In the United States, Indian food has become more mainstream over the last decade or so. However, Indian culture, especially Indian weddings, is very foreign to many people. Much like the U.S., not all Indian weddings are the same. Hindus, Sikhs, Muslims, and even Catholics are part of that Indian culture. With over 500 Indian languages, weddings tend to be based on the region where the families originated. All of the weddings are steeped in tradition and are all about two families being bonded together. Here are seven essential things to know before attending your first Indian wedding:

1. An Auspicious Date

Indian couples rarely pick their wedding date, which is customary in the West. Auspicious dates are chosen for the couple based on their birth dates, astrological signs, and alignment of the stars. Auspicious dates are selected to ensure prosperity for the couple and their families.

2. A Three-Day Event

One of the most common fears among non-Indian guests is learning that a typical Indian wedding lasts three days. Fear not, as wedding guests you probably won’t be participating in all of the wedding events.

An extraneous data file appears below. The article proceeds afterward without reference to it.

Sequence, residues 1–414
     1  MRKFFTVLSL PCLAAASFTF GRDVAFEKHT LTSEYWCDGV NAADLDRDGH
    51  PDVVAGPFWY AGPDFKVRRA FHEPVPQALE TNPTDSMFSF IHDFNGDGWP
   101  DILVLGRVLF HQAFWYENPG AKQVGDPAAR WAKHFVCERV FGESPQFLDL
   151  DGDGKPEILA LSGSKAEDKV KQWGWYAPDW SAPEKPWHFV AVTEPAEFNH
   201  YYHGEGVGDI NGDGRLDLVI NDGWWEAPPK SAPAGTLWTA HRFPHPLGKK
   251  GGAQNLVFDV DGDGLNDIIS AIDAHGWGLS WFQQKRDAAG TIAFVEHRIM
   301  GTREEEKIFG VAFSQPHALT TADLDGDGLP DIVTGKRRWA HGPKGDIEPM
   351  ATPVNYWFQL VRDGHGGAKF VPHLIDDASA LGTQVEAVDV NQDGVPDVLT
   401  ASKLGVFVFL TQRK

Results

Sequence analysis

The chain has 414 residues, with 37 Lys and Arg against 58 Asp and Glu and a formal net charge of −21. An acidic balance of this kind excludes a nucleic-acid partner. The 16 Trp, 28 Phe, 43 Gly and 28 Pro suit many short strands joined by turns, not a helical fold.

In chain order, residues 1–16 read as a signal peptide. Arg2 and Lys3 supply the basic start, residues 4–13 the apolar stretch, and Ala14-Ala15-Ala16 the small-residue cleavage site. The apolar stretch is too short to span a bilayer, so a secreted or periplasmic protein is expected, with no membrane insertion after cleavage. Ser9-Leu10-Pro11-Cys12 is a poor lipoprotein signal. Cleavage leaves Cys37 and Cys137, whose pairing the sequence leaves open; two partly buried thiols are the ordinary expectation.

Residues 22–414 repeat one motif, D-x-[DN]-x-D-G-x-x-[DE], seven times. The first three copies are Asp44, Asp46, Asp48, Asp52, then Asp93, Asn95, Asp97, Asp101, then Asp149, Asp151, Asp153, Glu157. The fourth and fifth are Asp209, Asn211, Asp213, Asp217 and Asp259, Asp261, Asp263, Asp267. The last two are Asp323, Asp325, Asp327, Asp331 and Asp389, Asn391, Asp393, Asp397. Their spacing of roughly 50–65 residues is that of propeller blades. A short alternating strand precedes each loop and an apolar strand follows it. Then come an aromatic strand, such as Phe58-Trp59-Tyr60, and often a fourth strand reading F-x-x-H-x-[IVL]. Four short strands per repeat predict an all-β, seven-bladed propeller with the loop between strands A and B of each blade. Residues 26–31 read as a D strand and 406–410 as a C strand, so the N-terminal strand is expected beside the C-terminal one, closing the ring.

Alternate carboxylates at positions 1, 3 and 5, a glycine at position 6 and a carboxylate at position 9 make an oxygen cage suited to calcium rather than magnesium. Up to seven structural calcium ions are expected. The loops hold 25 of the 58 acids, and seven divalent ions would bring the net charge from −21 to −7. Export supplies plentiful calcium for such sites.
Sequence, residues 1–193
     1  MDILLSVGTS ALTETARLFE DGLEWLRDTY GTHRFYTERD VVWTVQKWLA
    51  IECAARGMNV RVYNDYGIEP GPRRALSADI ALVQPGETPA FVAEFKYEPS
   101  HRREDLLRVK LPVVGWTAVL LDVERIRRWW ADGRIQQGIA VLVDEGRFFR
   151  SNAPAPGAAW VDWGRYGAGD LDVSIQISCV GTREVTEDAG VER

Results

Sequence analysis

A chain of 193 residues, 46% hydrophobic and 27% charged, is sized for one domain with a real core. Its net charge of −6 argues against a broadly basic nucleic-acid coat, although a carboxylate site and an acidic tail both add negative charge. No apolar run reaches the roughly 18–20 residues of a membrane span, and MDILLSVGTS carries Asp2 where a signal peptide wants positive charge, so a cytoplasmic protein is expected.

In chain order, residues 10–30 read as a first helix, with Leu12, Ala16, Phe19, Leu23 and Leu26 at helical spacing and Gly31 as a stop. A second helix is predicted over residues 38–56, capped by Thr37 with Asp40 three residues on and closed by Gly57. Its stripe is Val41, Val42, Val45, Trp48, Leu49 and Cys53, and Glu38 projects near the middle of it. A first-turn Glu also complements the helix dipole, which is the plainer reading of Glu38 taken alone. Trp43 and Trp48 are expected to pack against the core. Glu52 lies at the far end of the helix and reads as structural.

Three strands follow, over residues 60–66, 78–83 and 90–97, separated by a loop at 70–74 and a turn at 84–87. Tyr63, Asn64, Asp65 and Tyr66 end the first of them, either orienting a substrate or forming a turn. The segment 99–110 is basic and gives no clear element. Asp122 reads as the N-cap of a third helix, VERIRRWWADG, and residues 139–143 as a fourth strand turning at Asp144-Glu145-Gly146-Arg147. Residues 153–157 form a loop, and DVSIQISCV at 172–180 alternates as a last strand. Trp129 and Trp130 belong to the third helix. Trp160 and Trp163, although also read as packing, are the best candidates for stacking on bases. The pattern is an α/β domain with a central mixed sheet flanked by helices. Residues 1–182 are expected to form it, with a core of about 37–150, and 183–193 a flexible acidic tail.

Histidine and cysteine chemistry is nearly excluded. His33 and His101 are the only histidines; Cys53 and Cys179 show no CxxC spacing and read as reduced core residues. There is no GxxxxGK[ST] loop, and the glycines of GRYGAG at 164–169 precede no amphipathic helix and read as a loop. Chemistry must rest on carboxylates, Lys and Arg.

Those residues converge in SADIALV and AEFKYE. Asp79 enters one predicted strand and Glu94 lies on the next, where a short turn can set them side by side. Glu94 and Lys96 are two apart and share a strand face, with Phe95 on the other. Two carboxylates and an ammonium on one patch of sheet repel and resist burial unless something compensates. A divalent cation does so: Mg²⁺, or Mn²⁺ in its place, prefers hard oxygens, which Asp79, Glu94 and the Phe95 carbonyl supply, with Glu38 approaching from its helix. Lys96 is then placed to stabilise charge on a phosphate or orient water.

Photo courtesy: Jessica Kettle Photography


The first day is often a private family event including the couple, parents, and the wedding party. The Ganesh Pooja asks for the blessings for the couple and obstacles to be removed from their lives. Day two usually involves a henna or mehndi ceremony. The bride and her bridal party adorn their hands and feet with beautiful henna designs in floral and paisley patterns. Later in the second day is the Sangeet. Think of this as a rehearsal dinner in Western terms. The evening brings together families, wedding parties, and usually wedding guests for an evening filled with food, dancing, and colorful performances. The third and final day is the wedding ceremony and reception—a day filled with ritual, blending of families, and lots of colors.

3. The Bride Wears Red